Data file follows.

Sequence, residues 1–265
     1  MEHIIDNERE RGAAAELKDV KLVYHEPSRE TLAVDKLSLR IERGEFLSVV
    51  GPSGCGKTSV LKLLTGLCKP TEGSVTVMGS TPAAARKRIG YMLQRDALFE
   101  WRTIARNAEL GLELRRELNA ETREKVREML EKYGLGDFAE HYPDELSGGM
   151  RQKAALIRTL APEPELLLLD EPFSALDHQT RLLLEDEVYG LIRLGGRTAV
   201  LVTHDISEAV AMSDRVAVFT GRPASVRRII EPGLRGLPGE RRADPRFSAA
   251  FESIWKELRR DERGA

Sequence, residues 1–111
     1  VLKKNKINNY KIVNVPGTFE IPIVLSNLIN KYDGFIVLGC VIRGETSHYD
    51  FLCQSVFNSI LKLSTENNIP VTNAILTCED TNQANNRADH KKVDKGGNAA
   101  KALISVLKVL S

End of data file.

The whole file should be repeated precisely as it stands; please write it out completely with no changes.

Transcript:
Sequence, residues 1–265
     1  MEHIIDNERE RGAAAELKDV KLVYHEPSRE TLAVDKLSLR IERGEFLSVV
    51  GPSGCGKTSV LKLLTGLCKP TEGSVTVMGS TPAAARKRIG YMLQRDALFE
   101  WRTIARNAEL GLELRRELNA ETREKVREML EKYGLGDFAE HYPDELSGGM
   151  RQKAALIRTL APEPELLLLD EPFSALDHQT RLLLEDEVYG LIRLGGRTAV
   201  LVTHDISEAV AMSDRVAVFT GRPASVRRII EPGLRGLPGE RRADPRFSAA
   251  FESIWKELRR DERGA

Sequence, residues 1–111
     1  VLKKNKINNY KIVNVPGTFE IPIVLSNLIN KYDGFIVLGC VIRGETSHYD
    51  FLCQSVFNSI LKLSTENNIP VTNAILTCED TNQANNRADH KKVDKGGNAA
   101  KALISVLKVL S